regular-article-logo Tuesday, 06 June 2023

Historical load

Kalo Bhari lifts veil on historical past of Sikkim and sensitises audience about this form of slavery that persisted in collusion between British traders and their local cohorts

Anshuman Bhowmick Published 20.05.23, 05:15 AM

There is more to Sikkim than can possibly meet our eyes. History has sparingly recorded this Himalayan state where an inhuman system called ‘kalo bhari (black load)’ prevailed during the colonial times. With the British Trade Agency joining hands with local landlords, it was customary to send at least one male member from each family to carry a colossal load of salt to Tibet via the Silk Route. It was a treacherous journey made in inclement weather. Many perished en route; others came backto live a handicappedlife.

The Sikkim Repertory Company of the National School of Drama, which has been playing the role of the state’s cultural ambassador to near perfection over the last decade, recently worked on Shankar Deo Dhakal’s 2009 novel, Kalo Bhari, to mount a spectacular drama. Translated by C. K. Shrestha and dramatised by Asif Ali, Kalo Bhari lifts the veil on the historical past of Sikkim and sensitises the audience about this form of slavery that persisted in collusion between the British traders and their local cohorts — the kajis, to be precise.


Bipin Kumar, the direc­tor, leaves no stone unturn­ed in transforming this engaging tale of human bondage into a human document. Kumar has roped in Sanchayan Ghosh to design a multi-layered set that utilises the rich tapestry of local fabric and leaves enough room for negotiating a challenging terrain. Neatly choreographed and adequately lit, Kalo Bhari narrates the saga of the family of Saaila and Saaili (who keep coming back as apparitions), whose descendants were routinely exploited by the system till the struggle for Indian independence swept the land. Bharat, born in this family, was sent to Darjeeling to study in a public school. Eventually, he lands in Varanasi, gets involved in the nationalist movement, and carries it back to Sikkim to raise an agitation against the kalo bhari system.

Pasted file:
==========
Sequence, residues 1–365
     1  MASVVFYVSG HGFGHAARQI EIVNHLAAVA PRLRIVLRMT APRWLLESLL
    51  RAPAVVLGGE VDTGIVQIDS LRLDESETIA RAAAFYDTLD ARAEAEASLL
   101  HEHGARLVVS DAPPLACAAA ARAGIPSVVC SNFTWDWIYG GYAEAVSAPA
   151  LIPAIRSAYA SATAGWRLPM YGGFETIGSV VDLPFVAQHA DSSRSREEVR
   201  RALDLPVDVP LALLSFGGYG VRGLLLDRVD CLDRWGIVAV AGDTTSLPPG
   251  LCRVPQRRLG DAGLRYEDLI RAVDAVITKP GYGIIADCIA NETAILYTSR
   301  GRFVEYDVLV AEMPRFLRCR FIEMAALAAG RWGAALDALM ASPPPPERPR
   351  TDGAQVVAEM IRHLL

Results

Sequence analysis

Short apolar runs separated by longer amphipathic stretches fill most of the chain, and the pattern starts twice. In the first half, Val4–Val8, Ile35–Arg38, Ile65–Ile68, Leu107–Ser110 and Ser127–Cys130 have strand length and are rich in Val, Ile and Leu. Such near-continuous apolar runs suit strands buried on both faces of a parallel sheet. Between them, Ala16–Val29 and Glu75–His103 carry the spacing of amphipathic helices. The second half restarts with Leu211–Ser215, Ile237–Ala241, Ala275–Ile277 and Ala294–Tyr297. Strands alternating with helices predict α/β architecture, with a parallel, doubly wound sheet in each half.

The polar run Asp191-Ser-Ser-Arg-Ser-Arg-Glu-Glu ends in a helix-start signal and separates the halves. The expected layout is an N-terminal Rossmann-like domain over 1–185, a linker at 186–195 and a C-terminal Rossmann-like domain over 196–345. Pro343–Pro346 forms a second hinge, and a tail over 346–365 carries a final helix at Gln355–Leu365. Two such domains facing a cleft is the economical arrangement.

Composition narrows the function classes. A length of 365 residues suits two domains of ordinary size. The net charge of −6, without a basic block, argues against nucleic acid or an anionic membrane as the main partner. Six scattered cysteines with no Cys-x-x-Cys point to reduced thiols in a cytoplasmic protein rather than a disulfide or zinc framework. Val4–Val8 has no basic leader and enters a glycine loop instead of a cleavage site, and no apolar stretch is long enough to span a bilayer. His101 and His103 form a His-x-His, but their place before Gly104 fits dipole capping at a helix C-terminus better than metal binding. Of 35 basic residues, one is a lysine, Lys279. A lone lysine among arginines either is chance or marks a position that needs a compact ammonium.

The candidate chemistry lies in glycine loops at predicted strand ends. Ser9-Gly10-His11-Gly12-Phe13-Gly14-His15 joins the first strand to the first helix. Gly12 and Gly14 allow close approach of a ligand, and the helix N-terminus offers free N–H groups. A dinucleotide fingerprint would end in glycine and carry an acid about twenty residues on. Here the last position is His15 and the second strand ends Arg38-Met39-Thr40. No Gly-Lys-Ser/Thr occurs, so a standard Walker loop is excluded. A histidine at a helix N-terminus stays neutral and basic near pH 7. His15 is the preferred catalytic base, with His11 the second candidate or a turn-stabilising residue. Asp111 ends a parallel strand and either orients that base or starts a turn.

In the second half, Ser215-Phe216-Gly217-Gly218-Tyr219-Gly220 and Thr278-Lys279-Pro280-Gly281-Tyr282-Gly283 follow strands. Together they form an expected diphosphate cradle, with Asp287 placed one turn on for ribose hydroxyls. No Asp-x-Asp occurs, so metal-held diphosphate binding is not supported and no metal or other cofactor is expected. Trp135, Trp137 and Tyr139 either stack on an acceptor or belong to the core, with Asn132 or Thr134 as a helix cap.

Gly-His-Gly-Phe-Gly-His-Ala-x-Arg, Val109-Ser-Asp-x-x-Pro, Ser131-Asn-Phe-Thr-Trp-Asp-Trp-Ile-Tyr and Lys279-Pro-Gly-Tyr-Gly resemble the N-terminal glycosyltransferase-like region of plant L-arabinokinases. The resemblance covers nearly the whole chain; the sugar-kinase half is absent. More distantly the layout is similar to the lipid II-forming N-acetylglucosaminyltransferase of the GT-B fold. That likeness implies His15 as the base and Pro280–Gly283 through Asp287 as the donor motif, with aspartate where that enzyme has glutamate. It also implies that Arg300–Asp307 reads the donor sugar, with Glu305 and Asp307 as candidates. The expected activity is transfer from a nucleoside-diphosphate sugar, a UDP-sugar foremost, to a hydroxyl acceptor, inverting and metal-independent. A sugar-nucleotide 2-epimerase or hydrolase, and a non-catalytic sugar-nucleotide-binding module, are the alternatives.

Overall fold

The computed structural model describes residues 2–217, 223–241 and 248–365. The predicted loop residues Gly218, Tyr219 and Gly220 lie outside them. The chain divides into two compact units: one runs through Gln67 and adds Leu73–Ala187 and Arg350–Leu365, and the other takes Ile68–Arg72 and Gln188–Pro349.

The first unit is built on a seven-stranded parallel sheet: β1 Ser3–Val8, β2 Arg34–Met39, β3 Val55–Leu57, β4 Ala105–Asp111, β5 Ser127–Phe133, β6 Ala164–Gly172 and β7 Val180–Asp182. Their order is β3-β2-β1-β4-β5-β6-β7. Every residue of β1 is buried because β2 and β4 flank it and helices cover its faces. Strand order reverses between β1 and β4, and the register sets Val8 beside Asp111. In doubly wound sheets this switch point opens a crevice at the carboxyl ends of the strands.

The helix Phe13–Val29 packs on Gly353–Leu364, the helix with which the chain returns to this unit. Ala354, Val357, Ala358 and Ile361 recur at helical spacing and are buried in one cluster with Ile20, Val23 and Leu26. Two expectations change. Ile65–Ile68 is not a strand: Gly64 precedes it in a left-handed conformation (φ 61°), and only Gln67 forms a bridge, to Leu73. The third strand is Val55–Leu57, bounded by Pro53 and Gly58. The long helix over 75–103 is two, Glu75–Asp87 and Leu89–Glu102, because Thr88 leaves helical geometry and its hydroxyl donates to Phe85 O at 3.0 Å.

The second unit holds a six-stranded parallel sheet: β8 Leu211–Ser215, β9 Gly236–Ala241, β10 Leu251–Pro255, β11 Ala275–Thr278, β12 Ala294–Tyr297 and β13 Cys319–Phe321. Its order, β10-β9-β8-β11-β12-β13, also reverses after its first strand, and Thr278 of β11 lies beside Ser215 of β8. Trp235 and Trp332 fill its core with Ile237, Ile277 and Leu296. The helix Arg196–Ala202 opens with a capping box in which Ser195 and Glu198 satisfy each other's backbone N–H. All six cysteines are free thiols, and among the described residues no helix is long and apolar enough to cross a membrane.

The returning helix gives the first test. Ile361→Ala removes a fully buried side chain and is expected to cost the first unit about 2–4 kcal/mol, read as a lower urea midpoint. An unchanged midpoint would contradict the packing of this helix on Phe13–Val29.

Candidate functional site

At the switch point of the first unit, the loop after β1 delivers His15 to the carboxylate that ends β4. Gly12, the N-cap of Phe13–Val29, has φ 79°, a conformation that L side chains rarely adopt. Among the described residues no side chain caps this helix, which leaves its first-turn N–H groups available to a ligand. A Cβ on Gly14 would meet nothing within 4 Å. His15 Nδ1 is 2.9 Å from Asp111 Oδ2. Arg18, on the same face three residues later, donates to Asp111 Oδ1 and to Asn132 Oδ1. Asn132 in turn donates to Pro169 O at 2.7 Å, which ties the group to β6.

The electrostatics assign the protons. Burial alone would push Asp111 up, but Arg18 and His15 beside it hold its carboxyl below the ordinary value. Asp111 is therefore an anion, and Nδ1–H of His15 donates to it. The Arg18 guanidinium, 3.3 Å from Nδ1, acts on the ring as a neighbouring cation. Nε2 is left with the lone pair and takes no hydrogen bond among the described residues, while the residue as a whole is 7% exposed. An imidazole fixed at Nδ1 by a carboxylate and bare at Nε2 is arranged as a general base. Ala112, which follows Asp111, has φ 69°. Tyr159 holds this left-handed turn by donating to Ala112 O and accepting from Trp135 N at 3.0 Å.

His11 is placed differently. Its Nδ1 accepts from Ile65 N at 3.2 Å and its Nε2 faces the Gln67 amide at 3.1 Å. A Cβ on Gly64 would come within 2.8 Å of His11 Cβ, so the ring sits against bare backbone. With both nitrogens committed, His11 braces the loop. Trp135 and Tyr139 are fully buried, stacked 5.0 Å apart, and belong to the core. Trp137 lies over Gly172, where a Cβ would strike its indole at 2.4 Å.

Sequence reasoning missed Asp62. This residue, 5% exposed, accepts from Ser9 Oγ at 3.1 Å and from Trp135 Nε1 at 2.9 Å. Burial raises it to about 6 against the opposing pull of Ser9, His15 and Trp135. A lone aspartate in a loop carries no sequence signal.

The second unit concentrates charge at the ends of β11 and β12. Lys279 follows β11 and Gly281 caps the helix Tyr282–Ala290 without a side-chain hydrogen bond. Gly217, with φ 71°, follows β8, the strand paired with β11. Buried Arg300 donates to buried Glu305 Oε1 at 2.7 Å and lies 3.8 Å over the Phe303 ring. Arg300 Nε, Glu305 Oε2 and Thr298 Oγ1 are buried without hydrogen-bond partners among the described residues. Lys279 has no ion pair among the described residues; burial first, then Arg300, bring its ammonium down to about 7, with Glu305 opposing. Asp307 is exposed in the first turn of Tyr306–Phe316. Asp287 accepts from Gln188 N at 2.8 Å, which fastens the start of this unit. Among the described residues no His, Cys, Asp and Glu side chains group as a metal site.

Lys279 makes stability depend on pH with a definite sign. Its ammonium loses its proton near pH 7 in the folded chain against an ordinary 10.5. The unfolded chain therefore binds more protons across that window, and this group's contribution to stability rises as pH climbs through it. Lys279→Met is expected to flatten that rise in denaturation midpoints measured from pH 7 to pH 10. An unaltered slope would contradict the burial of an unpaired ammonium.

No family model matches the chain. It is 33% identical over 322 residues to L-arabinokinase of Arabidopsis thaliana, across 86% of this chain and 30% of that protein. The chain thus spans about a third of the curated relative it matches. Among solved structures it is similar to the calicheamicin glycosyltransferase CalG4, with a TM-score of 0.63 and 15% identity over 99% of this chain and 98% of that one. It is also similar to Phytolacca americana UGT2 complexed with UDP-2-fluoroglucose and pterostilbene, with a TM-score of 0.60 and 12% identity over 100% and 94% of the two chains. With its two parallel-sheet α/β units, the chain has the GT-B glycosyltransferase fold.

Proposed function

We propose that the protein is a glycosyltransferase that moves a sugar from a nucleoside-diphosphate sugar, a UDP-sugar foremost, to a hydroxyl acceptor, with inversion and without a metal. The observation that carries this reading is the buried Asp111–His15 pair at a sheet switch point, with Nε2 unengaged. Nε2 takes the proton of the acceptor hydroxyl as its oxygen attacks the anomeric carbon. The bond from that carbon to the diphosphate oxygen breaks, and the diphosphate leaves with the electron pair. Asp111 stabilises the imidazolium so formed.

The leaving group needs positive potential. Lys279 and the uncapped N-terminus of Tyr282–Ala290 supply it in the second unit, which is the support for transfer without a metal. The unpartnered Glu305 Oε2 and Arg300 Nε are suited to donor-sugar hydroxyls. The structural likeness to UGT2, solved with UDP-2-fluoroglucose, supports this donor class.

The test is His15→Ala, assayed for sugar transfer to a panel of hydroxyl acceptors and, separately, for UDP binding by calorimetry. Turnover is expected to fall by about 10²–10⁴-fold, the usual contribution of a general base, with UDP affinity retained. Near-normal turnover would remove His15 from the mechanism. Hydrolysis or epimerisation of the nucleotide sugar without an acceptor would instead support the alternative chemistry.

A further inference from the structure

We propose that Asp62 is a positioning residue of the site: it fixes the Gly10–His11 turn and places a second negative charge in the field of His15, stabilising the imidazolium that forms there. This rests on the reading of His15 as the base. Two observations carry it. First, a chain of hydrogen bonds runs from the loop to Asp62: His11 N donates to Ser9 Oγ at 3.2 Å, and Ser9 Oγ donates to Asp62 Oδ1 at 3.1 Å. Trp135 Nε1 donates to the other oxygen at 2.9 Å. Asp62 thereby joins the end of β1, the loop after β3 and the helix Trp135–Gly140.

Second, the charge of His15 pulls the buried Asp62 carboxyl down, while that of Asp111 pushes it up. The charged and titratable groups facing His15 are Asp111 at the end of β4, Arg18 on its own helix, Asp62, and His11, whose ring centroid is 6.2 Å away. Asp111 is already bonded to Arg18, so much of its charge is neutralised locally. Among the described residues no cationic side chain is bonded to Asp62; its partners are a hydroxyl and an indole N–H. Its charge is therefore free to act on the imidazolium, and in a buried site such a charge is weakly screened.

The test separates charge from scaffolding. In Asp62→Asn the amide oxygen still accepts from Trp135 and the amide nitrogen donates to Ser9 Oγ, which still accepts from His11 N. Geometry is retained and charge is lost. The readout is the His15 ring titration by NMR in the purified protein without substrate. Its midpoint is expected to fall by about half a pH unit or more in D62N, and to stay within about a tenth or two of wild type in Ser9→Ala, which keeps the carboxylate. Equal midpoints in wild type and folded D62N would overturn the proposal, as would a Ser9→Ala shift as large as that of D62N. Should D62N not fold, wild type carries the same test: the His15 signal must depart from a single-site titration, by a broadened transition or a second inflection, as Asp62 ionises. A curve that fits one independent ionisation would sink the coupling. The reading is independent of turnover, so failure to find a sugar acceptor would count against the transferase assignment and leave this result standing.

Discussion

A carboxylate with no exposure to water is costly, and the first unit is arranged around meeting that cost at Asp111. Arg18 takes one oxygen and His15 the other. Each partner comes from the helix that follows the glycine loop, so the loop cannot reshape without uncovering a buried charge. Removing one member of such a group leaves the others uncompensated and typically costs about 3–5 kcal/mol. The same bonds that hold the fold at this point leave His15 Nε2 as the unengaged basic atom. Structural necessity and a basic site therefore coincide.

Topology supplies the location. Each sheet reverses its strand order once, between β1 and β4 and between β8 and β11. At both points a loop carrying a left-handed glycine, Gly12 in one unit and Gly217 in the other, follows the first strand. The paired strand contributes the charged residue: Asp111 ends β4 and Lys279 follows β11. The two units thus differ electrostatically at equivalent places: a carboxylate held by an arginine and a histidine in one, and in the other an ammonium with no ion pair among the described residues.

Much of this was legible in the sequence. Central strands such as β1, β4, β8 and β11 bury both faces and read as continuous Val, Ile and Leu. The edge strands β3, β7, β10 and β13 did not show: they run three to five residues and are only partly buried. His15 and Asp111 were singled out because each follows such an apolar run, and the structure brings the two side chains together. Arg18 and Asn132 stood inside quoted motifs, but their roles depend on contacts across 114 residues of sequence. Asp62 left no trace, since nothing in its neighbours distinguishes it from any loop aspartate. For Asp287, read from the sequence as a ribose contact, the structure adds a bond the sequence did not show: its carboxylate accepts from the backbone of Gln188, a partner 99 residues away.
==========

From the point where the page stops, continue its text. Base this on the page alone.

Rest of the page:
Kumar marshals a huge army of competent actors, mixes romance with violence, plays with pathos and tragedy to churn out a drama steeped in the culture of Sikkim, yet modern in approach and execution.

Follow us on: